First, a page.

CHICAGO, July 6 (Reuters) – It’s not a good time to be a hummus fan.
Global stocks of chickpeas, the key ingredient, could fall by up to 20% this year, according to data from the Global Pulse Confederation. Weather and war have affected supplies of the protein-rich bean, driving up food prices and causing headaches for food manufacturers. Continue reading
Chickpeas are used in hummus, flour, soups, stews and curries. While they’re growing in popularity in the United States, they’ve long been key to feeding people in India and the Middle East — places that are already struggling to meet the rising cost of food imports.
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Farmers in the United States — the No. 4 exporter of chickpeas — planted fewer chickpeas this year as inclement weather slowed spring sowing and they prioritized more lucrative commodity crops like wheat and corn, government data shows.
Meanwhile, top South Asia and Mediterranean buyers are scrambling to buy up dwindling US inventories as supplies shrink worldwide and the war between Russia and Ukraine — both chickpea producers — exacerbates disruptions to global supply chains.
“When war broke out between Russia and Ukraine, demand boomed,” said Jeff Van Pevenage, chief executive officer of Columbia Grain International, a grain and legume trader and distributor headquartered in Portland, Oregon. “We saw strong demand from China, then calls came from customers in Pakistan and Bangladesh.”
Ukraine has not been able to sow its entire chickpea crop due to the war, removing 50,000 tons normally destined for Europe, said Navneet Singh Chhabra, director of Shree Sheela International, a global chickpea trader and brokerage firm.
Sanctions aimed at cutting off Russia’s access to the global financial system have also hampered purchases of its agricultural products, he said, as some buyers try to avoid payment complications. As a top exporter of chickpeas, Russia typically accounts for about 25% of world trade, he said.
“Russia exports at least 200,000 to 250,000 tons a year. When the war started in February, supplies were completely destroyed,” he said.
Transportation problems have exacerbated supply constraints and contributed to rising prices, particularly in the United States.
Backlogs from ocean-going vessels in the Pacific Northwest have forced some grain traders to ship containers of chickpeas thousands of miles by rail car and take more expensive and circuitous routes to fulfill orders.
Columbia Grain International normally exports some of its chickpeas by sea through the Pacific Northwest. But as West Coast ports became overwhelmed, Columbia Grain began shipping chickpeas to Houston, Texas, by rail last fall in search of available sea transportation options — nearly doubling shipping costs, Van Pevenage said.
When the congested train lines also returned, these chickpeas arrived in port long after ships had left. Continue reading
“We’ve had the product in Houston for eight weeks awaiting an outbound ship,” said Van Pevenage.
Columbia Grain is now considering shipping to Charleston, South Carolina, Van Pevenage said.
North Dakota farmer Kim Saueressig decided last year not to plant chickpeas in his drought-parched fields. Known as a legume or grain legume harvested for its protein-rich seeds, chickpeas are also susceptible to diseases that can require costly fungicides, he said.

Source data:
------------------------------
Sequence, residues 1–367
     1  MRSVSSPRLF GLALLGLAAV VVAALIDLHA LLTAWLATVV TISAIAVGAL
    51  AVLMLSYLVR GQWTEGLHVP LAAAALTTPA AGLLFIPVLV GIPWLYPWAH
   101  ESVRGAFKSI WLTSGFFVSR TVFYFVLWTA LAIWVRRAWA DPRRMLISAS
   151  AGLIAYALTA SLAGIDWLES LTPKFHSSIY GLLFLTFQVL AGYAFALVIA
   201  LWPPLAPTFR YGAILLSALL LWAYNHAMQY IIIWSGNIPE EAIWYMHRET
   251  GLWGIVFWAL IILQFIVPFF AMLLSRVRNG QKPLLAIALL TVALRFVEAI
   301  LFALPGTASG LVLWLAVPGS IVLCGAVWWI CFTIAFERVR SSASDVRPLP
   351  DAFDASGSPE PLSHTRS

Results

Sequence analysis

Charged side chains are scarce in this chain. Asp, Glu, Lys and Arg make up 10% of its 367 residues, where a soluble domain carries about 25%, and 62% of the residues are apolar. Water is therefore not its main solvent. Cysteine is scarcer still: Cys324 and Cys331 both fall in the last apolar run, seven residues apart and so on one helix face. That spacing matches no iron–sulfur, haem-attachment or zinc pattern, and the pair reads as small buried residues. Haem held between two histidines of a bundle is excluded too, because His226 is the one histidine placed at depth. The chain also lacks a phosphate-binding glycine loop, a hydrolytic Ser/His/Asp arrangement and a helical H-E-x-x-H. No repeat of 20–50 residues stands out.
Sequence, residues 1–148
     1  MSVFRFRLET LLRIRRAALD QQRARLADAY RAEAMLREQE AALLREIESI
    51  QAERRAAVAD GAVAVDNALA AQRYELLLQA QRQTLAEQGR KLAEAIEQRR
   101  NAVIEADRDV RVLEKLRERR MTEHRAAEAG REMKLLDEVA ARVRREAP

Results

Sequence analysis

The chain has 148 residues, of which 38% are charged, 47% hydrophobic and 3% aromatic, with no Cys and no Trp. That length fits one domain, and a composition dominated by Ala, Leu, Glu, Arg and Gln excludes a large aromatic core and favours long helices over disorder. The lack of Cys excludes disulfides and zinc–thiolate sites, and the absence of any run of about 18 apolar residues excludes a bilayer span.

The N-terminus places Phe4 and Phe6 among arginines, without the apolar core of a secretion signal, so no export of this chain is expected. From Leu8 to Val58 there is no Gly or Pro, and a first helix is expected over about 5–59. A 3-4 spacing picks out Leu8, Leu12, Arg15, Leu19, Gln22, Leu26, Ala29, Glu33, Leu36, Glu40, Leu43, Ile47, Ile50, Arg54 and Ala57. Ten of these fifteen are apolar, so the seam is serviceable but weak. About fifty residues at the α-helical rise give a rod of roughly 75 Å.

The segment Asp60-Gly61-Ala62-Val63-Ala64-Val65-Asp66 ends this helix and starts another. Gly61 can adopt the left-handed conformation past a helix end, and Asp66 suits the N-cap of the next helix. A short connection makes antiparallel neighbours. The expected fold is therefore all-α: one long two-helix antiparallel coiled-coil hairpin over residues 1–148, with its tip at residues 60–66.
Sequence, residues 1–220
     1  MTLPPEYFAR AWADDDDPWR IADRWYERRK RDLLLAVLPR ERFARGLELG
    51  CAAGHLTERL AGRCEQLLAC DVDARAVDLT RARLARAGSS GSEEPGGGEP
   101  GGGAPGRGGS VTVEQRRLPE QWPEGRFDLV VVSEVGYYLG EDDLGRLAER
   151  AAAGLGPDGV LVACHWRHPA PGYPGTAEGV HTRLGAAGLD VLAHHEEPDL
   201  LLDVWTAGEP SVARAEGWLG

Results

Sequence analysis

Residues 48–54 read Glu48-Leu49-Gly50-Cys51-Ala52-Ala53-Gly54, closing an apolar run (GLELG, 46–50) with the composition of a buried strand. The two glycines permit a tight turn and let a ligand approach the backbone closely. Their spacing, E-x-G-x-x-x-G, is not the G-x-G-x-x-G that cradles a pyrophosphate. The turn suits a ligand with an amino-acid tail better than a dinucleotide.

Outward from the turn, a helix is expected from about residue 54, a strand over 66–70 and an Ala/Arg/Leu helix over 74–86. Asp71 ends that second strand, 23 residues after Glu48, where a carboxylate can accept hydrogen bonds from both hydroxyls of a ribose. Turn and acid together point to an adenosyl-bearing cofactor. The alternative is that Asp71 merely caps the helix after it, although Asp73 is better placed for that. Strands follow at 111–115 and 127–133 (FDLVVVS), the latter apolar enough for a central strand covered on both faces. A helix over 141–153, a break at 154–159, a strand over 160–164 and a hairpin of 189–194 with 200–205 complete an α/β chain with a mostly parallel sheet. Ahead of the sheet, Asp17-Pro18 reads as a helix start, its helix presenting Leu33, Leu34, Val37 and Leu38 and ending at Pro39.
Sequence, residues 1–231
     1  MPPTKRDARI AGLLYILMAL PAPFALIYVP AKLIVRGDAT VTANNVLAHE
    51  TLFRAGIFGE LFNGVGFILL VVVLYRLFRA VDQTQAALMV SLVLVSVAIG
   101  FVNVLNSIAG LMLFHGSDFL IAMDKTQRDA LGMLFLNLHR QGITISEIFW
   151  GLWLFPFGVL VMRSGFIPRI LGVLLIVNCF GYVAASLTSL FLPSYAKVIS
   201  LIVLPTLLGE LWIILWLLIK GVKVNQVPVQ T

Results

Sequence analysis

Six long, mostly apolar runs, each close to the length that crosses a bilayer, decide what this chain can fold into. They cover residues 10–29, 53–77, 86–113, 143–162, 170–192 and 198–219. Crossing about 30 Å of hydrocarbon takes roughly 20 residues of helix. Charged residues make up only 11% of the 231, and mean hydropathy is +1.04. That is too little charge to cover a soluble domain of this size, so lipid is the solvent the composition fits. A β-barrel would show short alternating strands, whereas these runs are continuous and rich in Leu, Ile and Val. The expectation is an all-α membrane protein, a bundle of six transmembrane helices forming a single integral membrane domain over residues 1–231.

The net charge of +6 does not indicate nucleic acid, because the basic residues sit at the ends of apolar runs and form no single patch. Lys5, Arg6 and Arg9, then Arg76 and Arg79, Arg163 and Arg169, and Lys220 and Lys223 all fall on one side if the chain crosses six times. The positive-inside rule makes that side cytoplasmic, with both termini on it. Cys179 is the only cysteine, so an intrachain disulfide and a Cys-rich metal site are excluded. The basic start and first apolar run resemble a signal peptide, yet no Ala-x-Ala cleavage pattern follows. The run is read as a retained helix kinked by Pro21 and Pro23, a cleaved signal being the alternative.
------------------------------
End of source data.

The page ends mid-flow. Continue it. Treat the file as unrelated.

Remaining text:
“Prices are still pretty good, but it’s a headache to deal with,” Saueressig said.
Tight inventories have helped push US retail prices higher. Chickpeas on US grocery shelves are up 12% year over year, nearly 17% higher than before the pandemic, according to the latest data from NielsenIQ. Hummus prices are up 6.9% since 2019.
Hummus maker Sabra Dipping Company keeps ample supplies “to guard against the unexpected,” Chief Executive Joey Bergstein told Reuters.
The company struggled with production disruptions earlier this year during a plant upgrade in Chesterfield County, Virginia, which saw customers send a spate of complaints on Twitter and Facebook about hummus shortages.
According to trade data and research from Shree Sheela International, global demand is outstripping supply. Turkey imposed an export ban while yields in Mexico shrank due to weather problems.
In Australia, a leading exporter of chickpeas, farmers struggled with flooded fields while sellers struggled to secure container slots on ocean freighters.
Some farmers may transplant, said Ole Houe, director of advisory services at Sydney-based agricultural brokerage IKON Commodities.
“Parts of the planted area are still under water,” said Houe, who noted that Australia exports chickpeas mainly to the top-consuming markets of India, Bangladesh and Pakistan.
In the United States, farmers planted nearly 5% fewer chickpeas this year, the Department of Agriculture reported.
The US market has already struggled with reduced inventories after last year’s production was reduced by a third due to the devastating drought from North Dakota to Washington state. Total domestic shipments as of June 1 are down 10.5% year-on-year, according to USDA data.
Still, Montana farmer Ryan Bogar is betting the scarcity will pay off for the 1,500 acres of chickpeas his family planted this spring. Chickpeas need less fertilizer than corn, he said, and can sell twice as much as wheat, he said.
Wheat prices hit near a record high in March but have recently fallen to pre-Ukraine war levels as recession fears around the world weigh on commodity markets.
“Wheat will foot the bills. But if you want to buy new equipment or have money for an expansion, you’d better have a few peas in the mix,” Bogar said.
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Reporting by PJ Huffstutter and Christopher Walljasper in Chicago; Additional reporting by Naveen Thukral in Singapore and Rajendra Jadhav in Mumbai; Edited by Caroline Stauffer and Matthew Lewis
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